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From our State Capitol in Lansing to the U.S. Capitol in Washington, DC, WKAR is committed to explaining how the actions of lawmakers are affecting Michiganders. Political and government reporter Abigail Censky leads this section. There are also stories from Capitol correspondents Cheyna Roth, Rick Pluta and the Associated Press. As the 2020 presidential race begins, look here for reports on the role Michigan will play in electing or re-electing the president.

Sen. Stabenow Backs House Trump Probe

Debbie Stabenow photo
Scott Pohl
U.S. Sen. Debbie Stabenow (D-MI) addressed the investigation into Pres. Trump's dealings with Ukraine following a Lansing meeting on climate change.

U.S. Senator Debbie Stabenow of Michigan says she thinks the House is doing the right thing by investigating President Trump and considering impeachment.

Sen. Stabenow is praising the push in the House for information on the president’s dealings with Ukraine.

Saying “this is a president who has abused his power,” the Democrat is also critical of President Trump’s decision to pull troops out of Syria, a move she describes as an abandonment of America’s Kurdish allies in the region. "We are seeing very dangerous actions coming from this president," Stabenow said today in Lansing. "They’re very erratic, and they have long-term implications for our country.”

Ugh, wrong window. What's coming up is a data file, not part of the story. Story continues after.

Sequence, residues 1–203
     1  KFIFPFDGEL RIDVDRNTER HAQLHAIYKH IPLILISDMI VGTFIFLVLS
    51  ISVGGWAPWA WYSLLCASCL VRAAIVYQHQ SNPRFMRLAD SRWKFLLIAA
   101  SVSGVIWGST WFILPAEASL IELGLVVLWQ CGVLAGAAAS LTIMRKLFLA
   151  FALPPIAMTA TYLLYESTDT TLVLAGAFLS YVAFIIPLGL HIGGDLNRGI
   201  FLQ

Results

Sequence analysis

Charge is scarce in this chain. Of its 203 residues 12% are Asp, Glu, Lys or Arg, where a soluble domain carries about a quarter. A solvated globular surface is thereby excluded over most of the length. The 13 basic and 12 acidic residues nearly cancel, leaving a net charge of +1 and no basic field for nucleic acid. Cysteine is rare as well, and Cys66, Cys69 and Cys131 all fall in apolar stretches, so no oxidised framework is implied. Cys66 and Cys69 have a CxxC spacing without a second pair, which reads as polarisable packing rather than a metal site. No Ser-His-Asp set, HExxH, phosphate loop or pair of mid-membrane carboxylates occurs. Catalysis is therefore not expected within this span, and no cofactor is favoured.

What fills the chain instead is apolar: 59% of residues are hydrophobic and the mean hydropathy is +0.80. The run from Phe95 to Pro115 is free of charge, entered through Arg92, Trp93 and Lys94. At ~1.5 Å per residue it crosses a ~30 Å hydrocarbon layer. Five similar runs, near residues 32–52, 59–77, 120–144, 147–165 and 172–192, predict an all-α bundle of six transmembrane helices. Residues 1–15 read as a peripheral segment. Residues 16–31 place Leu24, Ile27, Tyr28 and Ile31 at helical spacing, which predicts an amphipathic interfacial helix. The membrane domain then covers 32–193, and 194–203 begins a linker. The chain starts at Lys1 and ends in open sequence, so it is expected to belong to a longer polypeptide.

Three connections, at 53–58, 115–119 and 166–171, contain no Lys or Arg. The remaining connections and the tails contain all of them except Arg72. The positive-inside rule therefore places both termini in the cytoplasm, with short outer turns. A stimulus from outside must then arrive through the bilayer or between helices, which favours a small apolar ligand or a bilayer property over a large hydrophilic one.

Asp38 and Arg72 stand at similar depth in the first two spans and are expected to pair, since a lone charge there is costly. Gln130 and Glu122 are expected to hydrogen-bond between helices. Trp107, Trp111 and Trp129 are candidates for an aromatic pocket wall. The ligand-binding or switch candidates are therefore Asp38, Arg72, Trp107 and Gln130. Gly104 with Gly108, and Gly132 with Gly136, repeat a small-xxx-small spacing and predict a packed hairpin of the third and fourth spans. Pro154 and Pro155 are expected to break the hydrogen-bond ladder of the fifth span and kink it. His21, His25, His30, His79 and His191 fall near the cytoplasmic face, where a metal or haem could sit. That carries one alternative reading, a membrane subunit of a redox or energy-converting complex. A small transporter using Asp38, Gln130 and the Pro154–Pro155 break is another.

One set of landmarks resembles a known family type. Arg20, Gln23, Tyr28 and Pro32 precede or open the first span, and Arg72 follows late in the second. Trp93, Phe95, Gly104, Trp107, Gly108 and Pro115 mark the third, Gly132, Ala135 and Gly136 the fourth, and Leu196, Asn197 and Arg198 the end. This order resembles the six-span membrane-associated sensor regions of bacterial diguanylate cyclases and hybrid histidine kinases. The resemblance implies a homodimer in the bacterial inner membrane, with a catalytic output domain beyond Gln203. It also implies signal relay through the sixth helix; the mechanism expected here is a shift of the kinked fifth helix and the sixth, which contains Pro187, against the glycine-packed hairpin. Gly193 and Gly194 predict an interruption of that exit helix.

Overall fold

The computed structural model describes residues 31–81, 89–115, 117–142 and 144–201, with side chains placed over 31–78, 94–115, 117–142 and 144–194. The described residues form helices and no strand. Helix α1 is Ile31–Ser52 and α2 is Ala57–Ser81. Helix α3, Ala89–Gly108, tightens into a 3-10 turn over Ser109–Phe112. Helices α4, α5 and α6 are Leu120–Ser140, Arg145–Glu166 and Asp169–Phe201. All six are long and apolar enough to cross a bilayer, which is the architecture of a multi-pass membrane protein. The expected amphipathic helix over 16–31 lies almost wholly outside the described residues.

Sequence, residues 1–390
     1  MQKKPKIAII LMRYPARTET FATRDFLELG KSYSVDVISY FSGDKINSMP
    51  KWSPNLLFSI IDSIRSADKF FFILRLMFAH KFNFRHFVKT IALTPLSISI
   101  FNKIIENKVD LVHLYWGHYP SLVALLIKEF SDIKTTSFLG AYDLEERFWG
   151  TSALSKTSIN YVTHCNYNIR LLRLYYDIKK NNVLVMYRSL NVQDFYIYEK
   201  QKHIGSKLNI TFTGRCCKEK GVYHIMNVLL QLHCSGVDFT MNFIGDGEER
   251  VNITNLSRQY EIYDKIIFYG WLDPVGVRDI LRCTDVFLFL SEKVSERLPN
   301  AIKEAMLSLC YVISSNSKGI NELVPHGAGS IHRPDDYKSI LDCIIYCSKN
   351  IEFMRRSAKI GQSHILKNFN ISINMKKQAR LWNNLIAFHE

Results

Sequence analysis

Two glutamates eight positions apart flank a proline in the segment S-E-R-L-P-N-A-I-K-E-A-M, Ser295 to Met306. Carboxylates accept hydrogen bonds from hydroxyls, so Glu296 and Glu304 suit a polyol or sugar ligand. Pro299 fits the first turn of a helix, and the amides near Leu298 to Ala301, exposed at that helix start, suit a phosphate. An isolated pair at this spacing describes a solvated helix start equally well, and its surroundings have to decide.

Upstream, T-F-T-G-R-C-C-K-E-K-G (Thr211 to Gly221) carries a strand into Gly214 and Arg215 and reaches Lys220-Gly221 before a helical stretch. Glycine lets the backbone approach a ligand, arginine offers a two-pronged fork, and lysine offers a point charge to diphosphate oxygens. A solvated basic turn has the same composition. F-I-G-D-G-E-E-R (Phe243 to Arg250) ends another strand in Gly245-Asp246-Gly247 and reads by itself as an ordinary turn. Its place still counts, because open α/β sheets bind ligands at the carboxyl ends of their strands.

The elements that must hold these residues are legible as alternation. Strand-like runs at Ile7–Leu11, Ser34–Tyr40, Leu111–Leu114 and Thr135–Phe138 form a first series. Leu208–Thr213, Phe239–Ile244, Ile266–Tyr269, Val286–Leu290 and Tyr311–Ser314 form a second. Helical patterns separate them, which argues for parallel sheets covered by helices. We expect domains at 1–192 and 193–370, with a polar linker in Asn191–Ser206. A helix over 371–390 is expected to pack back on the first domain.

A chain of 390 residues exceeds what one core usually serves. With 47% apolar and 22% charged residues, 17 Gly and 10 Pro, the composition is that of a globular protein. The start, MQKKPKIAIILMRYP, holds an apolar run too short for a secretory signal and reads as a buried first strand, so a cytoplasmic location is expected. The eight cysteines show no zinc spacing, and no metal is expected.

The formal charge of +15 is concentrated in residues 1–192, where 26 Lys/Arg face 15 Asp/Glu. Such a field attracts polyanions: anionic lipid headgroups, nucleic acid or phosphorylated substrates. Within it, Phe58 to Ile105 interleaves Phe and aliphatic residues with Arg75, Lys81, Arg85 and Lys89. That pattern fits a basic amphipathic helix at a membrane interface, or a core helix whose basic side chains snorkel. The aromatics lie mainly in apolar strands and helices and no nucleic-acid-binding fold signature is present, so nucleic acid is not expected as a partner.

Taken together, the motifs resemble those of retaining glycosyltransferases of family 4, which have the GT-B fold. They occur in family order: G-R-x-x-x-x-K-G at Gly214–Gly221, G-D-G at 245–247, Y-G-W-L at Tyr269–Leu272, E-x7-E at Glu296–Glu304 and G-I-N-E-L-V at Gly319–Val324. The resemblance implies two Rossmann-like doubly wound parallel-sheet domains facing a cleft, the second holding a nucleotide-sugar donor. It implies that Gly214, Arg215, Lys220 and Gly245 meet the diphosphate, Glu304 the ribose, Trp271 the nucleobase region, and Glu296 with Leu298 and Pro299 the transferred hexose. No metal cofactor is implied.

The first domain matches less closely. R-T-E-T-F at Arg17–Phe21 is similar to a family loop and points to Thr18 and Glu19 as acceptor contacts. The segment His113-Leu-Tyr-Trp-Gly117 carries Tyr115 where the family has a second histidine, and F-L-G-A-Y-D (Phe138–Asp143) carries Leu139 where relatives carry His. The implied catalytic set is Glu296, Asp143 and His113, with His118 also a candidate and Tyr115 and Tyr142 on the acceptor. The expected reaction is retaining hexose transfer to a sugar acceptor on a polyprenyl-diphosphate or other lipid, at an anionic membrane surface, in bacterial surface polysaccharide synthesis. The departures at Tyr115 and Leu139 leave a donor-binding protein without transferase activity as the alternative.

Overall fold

Stabenow says she’s also disappointed with Republicans in the Senate who don’t see the evidence as an abuse of power. None of the Republicans in Michigan’s congressional delegation support the impeachment inquiry.

Sen. Stabenow was in Lansing to issue a report on how Michigan is affected by the climate crisis. She held a meeting with local health and environmental leaders at the Ingham County Health Department to discuss the causes of warmer waters, increasing precipitation and extreme weather.

The senator says the report indicates that the Great Lakes region is warming faster than any other part of the country. “We’re seeing the high lake levels right now, we’re seeing more ticks, more mosquito diseases, we’re seeing flooding that people are having, we’re seeing erratic storms, all kinds of things happening. So," she concluded, "we need to identify the fact that that’s related to carbon pollution and the climate crisis.” 

Stabenow says Michigan is poised to lead the way in addressing the climate crisis by building clean energy vehicles and promoting renewable electricity.

Scott Pohl is a general assignment news reporter and produces news features and interviews. He is also an alternate local host on NPR's "Morning Edition."
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